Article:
The open spaces of Mid and South-Western America have long been the setting for sundry deeds of cinematic violence. Think Badlands, think Natural Born Killers, even think Sergio Leone's spaghetti recreations of America's violent past. Kathryn Bigelow threw vampires into the mix with horror road movie Near Dark. Robert Rodriguez and Quentin Tarantino, then John Carpenter, subsequently toyed with similar elements in From Dust Till Dawn and Vampires.
Writer/director JS Cardone picks up the vampire-road-movie-Western with The Forsaken, but adds a teen twist with the casting of Dawson's Creek regular Smith as the preppy innocent who finds himself in the middle of the war with the forces of evil, and Roswell star Fehr as the hunter. But Buffy this ain't. Similarly to From Dusk Till Dawn and Vampires, The Forsaken provides a lot of its "thrills" with that popular exploitation combo of nubile flesh (mostly that of Miko, who gets very few actual lines but plenty of chances to disrobe) and energetic blood-letting.
The Forsaken uses some interesting ideas to sidestep traditional vampire mythology. Vampirism is considered a viral infection and Kit is no suave, seductive Count Dracula - he's a vain, brutal predator who's raped and slaughtered for several centuries. (The vampire origin story comes in a wordy piece of exposition from Sean - eight 11th century French Crusaders, defeated by the rampant Turks, gave their souls to a demon from hell to survive, unwittingly becoming bloodsuckers in the bargain).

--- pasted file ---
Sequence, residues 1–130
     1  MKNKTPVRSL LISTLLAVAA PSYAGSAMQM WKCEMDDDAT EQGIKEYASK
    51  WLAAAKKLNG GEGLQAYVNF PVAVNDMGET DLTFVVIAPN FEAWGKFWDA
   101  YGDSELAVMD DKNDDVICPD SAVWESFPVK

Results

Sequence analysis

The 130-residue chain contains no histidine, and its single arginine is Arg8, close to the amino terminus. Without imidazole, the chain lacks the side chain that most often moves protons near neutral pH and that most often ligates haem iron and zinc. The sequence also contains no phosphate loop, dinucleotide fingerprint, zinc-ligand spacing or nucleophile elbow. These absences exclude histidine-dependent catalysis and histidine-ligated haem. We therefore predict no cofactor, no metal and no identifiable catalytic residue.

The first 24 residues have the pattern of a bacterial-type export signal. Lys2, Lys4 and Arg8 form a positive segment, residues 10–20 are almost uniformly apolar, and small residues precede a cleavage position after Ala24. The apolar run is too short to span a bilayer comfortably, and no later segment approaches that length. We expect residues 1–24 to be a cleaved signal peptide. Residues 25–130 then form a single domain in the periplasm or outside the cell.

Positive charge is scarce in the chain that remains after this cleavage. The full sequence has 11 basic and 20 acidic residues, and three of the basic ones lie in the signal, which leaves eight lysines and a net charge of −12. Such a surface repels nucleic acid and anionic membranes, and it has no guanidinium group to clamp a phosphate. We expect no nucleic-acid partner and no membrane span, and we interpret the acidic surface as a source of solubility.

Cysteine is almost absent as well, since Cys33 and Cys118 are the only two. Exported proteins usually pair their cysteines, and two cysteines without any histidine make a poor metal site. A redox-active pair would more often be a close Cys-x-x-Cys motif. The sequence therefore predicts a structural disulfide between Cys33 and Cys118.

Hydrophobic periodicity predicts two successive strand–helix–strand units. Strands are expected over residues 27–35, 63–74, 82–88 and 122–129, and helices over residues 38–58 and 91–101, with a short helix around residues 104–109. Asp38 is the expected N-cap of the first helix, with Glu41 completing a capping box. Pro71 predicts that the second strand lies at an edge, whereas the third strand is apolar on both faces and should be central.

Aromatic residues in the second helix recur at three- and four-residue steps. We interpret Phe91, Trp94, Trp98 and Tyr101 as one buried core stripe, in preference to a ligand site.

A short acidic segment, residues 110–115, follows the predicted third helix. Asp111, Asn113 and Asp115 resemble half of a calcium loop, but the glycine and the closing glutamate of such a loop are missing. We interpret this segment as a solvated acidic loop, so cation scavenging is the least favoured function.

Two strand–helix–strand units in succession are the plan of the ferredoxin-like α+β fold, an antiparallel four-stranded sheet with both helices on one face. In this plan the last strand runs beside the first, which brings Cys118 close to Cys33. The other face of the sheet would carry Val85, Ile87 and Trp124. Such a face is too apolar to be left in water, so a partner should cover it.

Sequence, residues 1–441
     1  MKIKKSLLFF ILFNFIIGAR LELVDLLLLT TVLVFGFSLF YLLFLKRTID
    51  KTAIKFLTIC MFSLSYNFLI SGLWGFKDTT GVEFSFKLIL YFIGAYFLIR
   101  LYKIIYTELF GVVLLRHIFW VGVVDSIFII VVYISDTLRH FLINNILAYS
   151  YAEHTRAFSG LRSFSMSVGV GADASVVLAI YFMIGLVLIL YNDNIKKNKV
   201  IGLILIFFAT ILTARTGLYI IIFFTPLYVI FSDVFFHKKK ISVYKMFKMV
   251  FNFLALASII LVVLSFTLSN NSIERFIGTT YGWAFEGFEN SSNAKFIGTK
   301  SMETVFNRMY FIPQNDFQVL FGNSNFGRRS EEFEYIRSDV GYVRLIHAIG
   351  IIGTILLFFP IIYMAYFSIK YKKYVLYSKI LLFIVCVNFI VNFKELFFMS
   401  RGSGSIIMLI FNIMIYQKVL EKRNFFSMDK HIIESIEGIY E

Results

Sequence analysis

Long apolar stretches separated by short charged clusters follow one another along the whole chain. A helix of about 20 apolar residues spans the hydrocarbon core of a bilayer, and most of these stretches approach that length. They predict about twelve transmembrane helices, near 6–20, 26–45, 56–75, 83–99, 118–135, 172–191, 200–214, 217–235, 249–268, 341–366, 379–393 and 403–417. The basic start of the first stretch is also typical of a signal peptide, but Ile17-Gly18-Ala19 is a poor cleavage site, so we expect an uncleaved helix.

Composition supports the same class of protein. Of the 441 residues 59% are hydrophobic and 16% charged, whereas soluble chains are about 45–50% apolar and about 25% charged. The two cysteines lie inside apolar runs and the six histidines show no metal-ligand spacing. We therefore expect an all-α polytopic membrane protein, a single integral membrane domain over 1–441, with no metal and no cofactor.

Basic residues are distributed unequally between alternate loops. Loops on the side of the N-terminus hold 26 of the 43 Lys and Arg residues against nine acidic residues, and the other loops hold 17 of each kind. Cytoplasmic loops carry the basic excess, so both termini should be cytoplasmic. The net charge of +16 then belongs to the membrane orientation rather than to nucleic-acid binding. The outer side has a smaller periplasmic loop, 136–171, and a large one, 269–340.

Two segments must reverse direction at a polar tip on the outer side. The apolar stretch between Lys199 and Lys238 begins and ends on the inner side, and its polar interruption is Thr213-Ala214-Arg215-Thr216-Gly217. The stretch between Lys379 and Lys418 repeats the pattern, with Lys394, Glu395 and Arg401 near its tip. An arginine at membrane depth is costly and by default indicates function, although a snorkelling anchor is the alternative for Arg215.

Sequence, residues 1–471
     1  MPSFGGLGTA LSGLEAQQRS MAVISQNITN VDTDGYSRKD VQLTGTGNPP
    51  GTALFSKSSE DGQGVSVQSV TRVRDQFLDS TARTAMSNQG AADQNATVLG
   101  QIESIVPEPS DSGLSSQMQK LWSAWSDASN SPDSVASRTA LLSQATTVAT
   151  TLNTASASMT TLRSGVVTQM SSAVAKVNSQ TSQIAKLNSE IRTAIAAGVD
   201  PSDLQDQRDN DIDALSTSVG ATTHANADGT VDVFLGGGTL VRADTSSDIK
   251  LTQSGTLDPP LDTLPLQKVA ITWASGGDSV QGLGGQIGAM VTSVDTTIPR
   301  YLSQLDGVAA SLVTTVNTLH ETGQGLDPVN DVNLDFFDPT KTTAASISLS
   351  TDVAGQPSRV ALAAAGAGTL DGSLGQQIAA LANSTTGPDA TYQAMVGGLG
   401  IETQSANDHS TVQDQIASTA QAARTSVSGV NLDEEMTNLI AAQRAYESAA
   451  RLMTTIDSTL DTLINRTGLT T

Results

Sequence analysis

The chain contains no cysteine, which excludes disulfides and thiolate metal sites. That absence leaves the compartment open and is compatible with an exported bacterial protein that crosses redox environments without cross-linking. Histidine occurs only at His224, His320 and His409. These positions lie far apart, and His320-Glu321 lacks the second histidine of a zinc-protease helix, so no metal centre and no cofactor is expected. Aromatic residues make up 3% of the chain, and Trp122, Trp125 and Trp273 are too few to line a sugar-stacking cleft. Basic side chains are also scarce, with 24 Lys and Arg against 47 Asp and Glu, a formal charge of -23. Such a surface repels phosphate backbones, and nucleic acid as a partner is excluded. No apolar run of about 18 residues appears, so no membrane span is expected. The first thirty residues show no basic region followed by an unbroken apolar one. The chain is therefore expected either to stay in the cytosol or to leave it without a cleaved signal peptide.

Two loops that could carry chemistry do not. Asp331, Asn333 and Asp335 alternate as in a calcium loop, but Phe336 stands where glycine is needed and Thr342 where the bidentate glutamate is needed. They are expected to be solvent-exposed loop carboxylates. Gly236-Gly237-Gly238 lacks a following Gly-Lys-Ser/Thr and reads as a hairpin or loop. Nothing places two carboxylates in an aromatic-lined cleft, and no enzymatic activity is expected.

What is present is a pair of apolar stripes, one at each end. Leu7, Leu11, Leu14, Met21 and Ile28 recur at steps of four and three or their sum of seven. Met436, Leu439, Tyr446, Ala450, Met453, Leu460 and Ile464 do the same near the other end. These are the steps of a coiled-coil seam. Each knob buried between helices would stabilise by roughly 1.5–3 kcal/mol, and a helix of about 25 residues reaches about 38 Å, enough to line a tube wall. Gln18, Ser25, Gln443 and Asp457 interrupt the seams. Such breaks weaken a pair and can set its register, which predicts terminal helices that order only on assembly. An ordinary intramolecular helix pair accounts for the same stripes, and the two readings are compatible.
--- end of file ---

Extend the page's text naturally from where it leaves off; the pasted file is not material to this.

Cardone's ideas aren't anything new - variations appear in numerous modern vampire films, from Near Dark to Blade - but they make for fitfully effective horror. Desert roads in the dead of night, rocky canyons and roachy motels are perfect locations for creating an atmosphere of desperation and isolation, and Nick and Sean are indeed desperate: both are infected and have nobody else to turn to for help. However, their desperation is also a stumbling block, the film disintegrating into a lot of driving, running around and shouting, interspersed with cold, mechanical bursts of tits 'n' gore.